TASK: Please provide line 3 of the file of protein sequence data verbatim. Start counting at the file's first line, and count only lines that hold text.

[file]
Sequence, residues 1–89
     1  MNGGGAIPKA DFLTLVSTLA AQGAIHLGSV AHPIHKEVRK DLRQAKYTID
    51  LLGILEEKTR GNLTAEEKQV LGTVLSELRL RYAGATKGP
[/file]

    51  LLGILEEKTR GNLTAEEKQV LGTVLSELRL RYAGATKGP